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Finding an Affordable Mortgage When Disabled

By: Emma Eilbeck BA (hons) - Updated: 20 Jul 2017 | comments*Discuss
 
Disabled Mortgage Lender Home Smi Afford

For the many hundreds of thousands of people who are disabled in the UK, obtaining a mortgage can be a difficult task.

The biggest hurdle many disabled people face is a lack of regular income to satisfy a lender’s demands.

There are a number of schemes that are designed to help those with disabilities, such as the Support for Mortgage Interest scheme, but unfortunately these are not doing enough to help more disabled people onto the housing ladder.

Getting a Mortgage when Disabled

Owning your own home when disabled is often the best solution economically and practically. Paying off a regular mortgage gives the person a sense of independence, makes them less reliable on others and gives them a sense of security.

But because of some of the factors related to disability it can sometimes be impossible for lenders to consider this type of borrower for home ownership.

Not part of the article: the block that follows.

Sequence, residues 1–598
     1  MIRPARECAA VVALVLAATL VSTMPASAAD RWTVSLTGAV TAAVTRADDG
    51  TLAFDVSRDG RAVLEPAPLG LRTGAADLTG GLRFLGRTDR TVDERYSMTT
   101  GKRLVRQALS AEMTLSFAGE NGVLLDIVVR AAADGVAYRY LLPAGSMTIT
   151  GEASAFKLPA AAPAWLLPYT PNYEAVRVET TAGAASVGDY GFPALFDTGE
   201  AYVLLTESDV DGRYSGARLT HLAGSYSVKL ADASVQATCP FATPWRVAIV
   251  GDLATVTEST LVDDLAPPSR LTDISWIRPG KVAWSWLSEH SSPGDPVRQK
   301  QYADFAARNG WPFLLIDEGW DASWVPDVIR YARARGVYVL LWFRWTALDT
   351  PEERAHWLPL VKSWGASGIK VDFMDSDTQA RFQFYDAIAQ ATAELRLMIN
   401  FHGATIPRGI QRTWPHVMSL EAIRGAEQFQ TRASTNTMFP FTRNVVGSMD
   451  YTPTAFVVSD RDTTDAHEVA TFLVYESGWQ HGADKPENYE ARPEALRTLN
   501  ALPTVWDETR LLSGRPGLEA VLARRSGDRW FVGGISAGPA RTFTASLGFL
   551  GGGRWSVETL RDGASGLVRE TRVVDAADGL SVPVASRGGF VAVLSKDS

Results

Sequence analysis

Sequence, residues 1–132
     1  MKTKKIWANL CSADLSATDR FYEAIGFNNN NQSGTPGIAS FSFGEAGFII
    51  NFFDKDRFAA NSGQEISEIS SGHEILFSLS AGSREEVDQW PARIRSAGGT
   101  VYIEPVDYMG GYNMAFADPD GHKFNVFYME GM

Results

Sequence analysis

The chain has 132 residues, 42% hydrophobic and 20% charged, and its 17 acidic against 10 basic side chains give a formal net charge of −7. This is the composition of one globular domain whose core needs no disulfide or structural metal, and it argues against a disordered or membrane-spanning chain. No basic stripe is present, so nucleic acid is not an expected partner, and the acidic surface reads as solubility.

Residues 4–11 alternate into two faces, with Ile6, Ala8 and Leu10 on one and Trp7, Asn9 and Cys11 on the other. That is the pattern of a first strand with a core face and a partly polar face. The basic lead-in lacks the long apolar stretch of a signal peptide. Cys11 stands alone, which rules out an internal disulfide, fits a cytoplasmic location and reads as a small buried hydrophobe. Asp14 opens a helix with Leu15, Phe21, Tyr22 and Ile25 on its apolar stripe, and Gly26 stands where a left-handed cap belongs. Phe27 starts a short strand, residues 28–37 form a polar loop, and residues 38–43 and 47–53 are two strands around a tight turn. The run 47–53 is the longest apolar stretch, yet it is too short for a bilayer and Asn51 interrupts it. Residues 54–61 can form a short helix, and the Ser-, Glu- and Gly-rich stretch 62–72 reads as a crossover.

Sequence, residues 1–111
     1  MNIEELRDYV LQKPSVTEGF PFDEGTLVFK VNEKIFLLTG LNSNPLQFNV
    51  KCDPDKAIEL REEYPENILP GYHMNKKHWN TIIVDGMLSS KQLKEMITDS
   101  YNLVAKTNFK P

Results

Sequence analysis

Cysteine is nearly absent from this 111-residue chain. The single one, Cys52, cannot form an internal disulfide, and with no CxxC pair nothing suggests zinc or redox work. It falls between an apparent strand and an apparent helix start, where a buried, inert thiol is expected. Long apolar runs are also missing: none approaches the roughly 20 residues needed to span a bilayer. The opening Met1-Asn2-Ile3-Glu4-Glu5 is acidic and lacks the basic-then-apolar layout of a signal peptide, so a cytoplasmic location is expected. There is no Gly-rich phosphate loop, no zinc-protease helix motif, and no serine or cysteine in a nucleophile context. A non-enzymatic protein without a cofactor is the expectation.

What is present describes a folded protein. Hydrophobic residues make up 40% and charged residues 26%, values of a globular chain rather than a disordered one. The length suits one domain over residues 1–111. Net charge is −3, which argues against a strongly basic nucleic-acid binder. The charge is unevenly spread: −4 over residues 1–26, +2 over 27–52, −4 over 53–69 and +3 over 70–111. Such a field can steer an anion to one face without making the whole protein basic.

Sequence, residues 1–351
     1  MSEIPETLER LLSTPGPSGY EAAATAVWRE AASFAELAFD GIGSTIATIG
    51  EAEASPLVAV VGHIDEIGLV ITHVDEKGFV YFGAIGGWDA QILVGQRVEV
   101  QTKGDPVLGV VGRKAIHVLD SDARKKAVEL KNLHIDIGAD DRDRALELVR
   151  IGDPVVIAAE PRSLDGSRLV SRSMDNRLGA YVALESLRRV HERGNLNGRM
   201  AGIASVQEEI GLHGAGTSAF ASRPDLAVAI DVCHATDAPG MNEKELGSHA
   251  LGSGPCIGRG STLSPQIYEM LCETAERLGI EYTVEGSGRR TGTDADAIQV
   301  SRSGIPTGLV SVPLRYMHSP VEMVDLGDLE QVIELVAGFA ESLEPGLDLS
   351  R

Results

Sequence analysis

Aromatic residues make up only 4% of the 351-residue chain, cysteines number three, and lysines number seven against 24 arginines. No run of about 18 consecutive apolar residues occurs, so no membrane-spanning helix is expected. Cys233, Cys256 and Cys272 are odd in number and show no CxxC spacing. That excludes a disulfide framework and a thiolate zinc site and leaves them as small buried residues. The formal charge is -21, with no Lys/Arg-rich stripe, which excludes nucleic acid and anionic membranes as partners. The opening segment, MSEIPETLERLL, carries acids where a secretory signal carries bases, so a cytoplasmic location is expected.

The main factor a lender will take into consideration is whether you can afford the mortgage. Unfortunately mortgage lenders do not show any favouritism towards those with disabilities. Many people who have disabilities whether small or large need to rely on a parent or guardian to act as a guarantor for the mortgage, so if they cannot work for any reason the mortgage payments will be covered.

The new rules that the financial regulator is introducing for the mortgage market means it could be harder for those with disabilities to get a mortgage because it will not just be their job that is taken into account but other factors, such as the health of the applicant and what other outgoings they have, such as the cost of care.

What Help is Available

The Support for Mortgage Interest scheme acts as a vital lifeline for disabled people paying their mortgage.You will qualify for SMI if you claim either income support, income-based jobseeker’s allowance, income-related employment support allowance or pension credit.

Up until October 2010 the rate of SMI was calculated at 6.08%, which means your payments would be calculated on the assumption that the interest rate you were paying on your mortgage was around this level. Any excess there may have been would have been credited to you account.

But from October 2010, the rate of SMI has been calculated at 3.63%, which means if the interest rate charged by your lender is more than this, the SMI payment may not cover it.

This has had a huge impact on the disabled community and is making it very hard for a lot of them to pay the interest on their mortgage, especially those on higher rates.

What Else Can be Done?